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Experiments to determine the fate of dead seabirds off Wollongong, New South Wales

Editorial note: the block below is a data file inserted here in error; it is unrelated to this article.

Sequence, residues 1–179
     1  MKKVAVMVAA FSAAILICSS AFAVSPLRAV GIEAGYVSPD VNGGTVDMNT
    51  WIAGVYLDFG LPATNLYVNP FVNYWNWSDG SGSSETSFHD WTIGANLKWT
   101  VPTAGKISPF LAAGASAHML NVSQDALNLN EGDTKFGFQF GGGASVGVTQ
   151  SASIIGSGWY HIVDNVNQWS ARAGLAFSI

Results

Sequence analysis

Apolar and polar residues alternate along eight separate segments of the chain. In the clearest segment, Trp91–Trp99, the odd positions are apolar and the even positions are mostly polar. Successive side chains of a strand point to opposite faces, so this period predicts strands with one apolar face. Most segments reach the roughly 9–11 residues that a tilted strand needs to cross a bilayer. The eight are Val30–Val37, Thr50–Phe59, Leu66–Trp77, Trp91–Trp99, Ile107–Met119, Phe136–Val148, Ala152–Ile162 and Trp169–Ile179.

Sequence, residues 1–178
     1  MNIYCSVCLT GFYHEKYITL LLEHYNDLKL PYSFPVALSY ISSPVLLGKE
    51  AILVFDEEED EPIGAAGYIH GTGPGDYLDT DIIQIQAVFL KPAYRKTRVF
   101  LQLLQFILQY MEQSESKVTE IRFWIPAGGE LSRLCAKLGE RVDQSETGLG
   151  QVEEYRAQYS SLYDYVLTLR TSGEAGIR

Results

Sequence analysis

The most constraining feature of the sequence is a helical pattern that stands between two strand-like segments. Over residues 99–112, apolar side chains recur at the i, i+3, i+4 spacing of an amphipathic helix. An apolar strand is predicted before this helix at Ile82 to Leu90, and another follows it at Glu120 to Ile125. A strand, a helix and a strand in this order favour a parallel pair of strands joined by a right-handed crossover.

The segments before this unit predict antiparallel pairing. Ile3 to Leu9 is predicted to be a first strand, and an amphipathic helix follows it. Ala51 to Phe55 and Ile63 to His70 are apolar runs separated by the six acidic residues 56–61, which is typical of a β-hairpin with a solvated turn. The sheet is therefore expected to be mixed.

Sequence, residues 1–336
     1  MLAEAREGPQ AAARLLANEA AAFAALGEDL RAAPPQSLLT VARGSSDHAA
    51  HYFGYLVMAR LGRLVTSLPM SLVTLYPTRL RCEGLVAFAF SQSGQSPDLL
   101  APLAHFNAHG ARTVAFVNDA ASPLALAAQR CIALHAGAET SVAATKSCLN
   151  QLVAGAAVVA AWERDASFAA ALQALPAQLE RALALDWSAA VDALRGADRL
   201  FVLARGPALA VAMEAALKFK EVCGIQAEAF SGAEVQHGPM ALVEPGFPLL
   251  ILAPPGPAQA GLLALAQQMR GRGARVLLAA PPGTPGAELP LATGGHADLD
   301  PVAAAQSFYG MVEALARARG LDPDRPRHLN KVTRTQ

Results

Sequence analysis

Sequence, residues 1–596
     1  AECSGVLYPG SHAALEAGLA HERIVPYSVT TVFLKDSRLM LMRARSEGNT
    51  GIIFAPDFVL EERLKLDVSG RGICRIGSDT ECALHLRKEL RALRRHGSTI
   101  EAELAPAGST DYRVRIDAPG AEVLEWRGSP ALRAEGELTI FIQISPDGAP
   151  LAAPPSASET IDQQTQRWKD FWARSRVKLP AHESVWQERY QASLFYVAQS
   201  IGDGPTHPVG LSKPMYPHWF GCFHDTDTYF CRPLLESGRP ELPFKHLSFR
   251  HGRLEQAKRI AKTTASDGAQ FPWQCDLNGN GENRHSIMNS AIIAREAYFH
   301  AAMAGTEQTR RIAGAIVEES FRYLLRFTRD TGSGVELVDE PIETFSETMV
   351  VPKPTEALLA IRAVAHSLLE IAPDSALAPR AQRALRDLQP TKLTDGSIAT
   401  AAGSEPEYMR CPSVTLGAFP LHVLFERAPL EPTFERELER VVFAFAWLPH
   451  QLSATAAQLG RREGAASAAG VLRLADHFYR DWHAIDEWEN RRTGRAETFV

To simulate a seabird mortality incident, marked floats (total 375) were dropped in batches of five at 9 km, 35-45 km and 50-90 km east of Wollongong, New South Wales during each of 25 cruises from June 1985 to October 1987. Overall, 85 (22.7%) were recovered between Budgewoi (1 10 km N) and Bermagui (198 km S). Recovery rates for near-shore, mid-distance and furthest dropped batches were 29.6, 28 and 10.4 per cent respectively and the corresponding median recovery intervals were 4, 7 and 7 days. The reporting rates for floats presumed to have come ashore were 25.7 per cent from April to September (cool months) and 49.6 per cent from October to March (warm months). In a supplementary speed test, floats and Short-tailed Shearwater Puffinus tenuirostris corpses moved at five per cent and 3.1 per cent of wind speed respectively. It was concluded that the East Australian Current generally controls movement of floats parallel to the coast whereas wind controls east-west movement.

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